TEXT: 1 CORINTHIANS 4: 1-9
READING: PSALM 50: 1-23
SUBJ: The continuation of Paul's dealing with the matter of divisions as a matter of pride and being puffed up to the point of sitting in judgment as to Paul's faithfulness.
AIM: That we might follow the example of Paul in humility and the recognition that all judgment is by God alone.
INTR: The aim of Paul in writing here was to elevate the thoughts of the Corinthians above the considerations of men and to rather focus on the Gospel and the humility it produces.
1. He had addressed divisions in the beginning, had set forth the central issue in determining to know nothing save Jesus Christ and Him crucified, had outlined the duties and functions of ministers showing them to be mere servants, and would now call out the tendency towards pride and judgment of others.
2. These issues were distractions that directed their attention away from the essential truths he would deliver unto them.
3. Paul could have easily become combatant. He rather places emphasis on the greatness and sovereignty of God and depicts himself as no more than a lowly servant.
THESIS: The greater the concept of God and salvation as it is in Christ, the more will there be a manifestation of humility.
I. Ministers, mysteries, ad faithfulness (vv. 1-2)
1. Paul reacted to the accusations of presumption of authority on his part and on the elevating of one servant above another. He would do so by denoting function as before God.
2. He did not object to being considered - his had been a prominent ministry among them and so had Apollos and others - but how should they account him?
1) Ministers of Christ - literally "under rowers") - the lowest in rank on a ship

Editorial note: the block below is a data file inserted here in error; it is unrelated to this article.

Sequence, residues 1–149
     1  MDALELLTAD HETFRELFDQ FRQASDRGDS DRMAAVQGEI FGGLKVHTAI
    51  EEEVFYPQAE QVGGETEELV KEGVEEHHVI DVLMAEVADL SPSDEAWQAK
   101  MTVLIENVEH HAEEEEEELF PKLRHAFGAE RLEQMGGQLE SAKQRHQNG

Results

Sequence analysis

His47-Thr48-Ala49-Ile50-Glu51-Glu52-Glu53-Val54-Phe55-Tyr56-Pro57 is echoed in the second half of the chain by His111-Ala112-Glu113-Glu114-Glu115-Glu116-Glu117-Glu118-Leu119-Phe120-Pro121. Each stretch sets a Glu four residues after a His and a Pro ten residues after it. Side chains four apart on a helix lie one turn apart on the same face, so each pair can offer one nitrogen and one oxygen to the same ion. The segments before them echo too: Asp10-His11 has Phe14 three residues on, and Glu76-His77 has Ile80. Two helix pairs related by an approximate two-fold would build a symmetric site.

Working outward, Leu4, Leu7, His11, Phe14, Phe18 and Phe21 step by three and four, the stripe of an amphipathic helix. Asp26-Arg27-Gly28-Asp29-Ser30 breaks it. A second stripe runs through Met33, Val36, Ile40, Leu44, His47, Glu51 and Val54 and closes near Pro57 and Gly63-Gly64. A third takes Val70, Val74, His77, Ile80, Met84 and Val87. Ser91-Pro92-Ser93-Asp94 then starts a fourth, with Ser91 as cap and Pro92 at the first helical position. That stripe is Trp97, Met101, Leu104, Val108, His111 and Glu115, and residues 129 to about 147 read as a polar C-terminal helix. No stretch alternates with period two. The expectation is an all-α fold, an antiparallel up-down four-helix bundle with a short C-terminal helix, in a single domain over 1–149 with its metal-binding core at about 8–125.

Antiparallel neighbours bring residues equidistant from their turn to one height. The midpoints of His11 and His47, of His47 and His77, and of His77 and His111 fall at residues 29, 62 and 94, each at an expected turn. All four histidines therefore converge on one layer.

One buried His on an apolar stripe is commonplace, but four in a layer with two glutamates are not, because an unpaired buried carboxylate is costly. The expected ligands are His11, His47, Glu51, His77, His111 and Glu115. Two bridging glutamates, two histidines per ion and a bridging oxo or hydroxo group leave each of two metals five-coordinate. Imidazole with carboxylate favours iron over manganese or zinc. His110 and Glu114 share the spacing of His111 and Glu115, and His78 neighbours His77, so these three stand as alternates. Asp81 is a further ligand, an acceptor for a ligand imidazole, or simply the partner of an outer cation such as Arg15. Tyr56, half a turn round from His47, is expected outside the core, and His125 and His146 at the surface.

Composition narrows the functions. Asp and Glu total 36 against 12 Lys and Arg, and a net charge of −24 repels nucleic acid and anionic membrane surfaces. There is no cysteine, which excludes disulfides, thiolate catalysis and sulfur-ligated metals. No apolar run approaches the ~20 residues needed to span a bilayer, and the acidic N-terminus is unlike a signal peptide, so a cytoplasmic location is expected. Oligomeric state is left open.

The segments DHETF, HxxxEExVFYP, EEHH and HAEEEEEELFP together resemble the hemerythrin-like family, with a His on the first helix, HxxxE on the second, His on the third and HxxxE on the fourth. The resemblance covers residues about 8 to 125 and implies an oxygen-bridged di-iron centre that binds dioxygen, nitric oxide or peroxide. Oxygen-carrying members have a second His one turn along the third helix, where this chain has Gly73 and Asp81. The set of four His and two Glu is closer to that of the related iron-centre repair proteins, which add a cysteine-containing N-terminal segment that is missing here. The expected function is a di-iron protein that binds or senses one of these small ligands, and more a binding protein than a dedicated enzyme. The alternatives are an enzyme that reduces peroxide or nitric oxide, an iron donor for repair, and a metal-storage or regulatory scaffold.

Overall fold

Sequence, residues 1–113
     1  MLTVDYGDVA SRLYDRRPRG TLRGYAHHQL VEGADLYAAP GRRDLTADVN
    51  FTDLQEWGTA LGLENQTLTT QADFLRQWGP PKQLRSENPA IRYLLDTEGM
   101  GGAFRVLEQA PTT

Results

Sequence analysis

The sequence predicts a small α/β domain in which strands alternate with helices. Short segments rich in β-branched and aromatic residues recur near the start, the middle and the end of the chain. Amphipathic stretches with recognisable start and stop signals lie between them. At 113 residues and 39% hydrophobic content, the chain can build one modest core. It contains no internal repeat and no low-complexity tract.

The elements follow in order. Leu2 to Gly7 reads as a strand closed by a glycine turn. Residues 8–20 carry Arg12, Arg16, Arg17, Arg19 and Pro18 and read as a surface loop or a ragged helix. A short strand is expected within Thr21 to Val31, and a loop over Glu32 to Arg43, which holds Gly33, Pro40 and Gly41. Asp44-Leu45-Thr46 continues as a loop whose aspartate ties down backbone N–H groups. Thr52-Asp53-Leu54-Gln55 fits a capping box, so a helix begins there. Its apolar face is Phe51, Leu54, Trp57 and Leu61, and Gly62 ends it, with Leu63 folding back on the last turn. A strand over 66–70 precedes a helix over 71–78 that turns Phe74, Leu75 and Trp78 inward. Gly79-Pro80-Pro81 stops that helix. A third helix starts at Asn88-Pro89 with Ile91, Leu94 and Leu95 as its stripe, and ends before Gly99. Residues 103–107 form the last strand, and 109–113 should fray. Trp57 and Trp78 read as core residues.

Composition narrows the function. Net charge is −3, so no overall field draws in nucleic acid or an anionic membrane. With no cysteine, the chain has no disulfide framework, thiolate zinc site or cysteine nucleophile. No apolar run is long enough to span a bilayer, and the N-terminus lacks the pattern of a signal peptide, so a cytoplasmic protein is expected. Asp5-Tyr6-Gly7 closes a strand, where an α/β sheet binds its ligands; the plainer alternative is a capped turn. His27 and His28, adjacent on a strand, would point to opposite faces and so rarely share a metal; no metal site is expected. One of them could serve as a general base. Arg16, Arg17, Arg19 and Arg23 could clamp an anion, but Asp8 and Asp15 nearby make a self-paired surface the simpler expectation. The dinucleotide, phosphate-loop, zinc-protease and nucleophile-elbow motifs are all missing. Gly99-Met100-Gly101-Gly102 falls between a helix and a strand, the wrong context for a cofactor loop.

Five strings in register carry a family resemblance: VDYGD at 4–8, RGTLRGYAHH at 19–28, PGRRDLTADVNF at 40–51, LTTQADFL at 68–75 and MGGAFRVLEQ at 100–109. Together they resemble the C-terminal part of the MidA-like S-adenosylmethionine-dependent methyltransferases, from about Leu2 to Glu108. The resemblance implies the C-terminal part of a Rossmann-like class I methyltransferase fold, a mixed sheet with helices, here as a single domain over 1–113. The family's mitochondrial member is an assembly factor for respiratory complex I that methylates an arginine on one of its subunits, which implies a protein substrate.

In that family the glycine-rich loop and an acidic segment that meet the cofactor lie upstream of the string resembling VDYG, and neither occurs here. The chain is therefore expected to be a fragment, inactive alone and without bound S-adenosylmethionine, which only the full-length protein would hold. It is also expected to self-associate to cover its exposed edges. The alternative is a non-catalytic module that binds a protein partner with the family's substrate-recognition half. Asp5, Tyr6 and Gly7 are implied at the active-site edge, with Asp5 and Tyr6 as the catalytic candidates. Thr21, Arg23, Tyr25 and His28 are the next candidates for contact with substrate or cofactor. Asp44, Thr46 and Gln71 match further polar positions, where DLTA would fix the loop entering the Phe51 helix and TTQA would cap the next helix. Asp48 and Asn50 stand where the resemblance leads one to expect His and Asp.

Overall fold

2) Stewards - as servants given the task of managing the affairs of a master (usually a trusted slave). It was given to him to dispense to the needs of those serving or those hired.
3. Having defined to them rank and function he would advise of the stringent requirements for one so called.
1) First, he must be faithful to his master - Paul's faithfulness was to God.
2) And he must be faithful to those he would serve (remember Paul's words to the Ephesians - "I have not shunned to declare unto you all the counsel of God."
4. After all it was the mysteries of God (things that had been hidden and needed to be revealed with greater explanation).
5. He made claim to no special mystical powers as the manner of some was and still is.
II. A matter of judgment (vv. 3-5)
1. At first read we might discern here an "I don't care what you think" attitude.
2. He would rather establish that all judgment is of God and that their judgment was of no consequence:
1) Of them, whatever may have been determined by them
2) Of men in general of
3) Even of himself - my assessments either good or bad are still not qualified.
3. Paul confessed that he knew nothing of himself.
4. Paul then defers his own judgment to the Lord.
5. A word of exhortation: I the LORD search the heart, I try the reins, even to give every man according to his ways, and according to the fruit of his doings. (Jeremiah 17:10)
1) There will be a time when all secrets of the heart will be laid bare
2) A stark reminder that we are not tried in the court of human opinion, rather of God.
3) Then shall he that is found faithful have "praise of God."
III. Who makes us to differ? (vv. 6-9ff)
1. In verse 6, Paul refers to previous metaphors he had used - farmers, builders, but all dependent on God.
2. He would again emphasize that his role and that of others was as lowly servants under the greatest of masters.
3. They had been "puffed up" against one another - claiming the high ground based on who they were following and demeaning another.
1) It remains to determine who is truly following the Lord
2) And who is accurately dispensing the truth.
4. The leveling question of verse 7.
1) The immediate application as a challenge to their superior feelings
2) An application for us all - as an antidote to any hint of pride in us
3) They were the products of the grace of God
4) Bear in mind that He has made us to differ.
5. In v. 8 Paul may be taking a tone of sarcasm while stating a truth:
1) You are full, rich, etc. These things were in fact true as a matter of salvation.
2) He would choose to be with them in the Kingdom reigning!
6. But rather was accepting of the lesser lot appointed to them as a result of the ministry they had criticized - See vv. 9-10.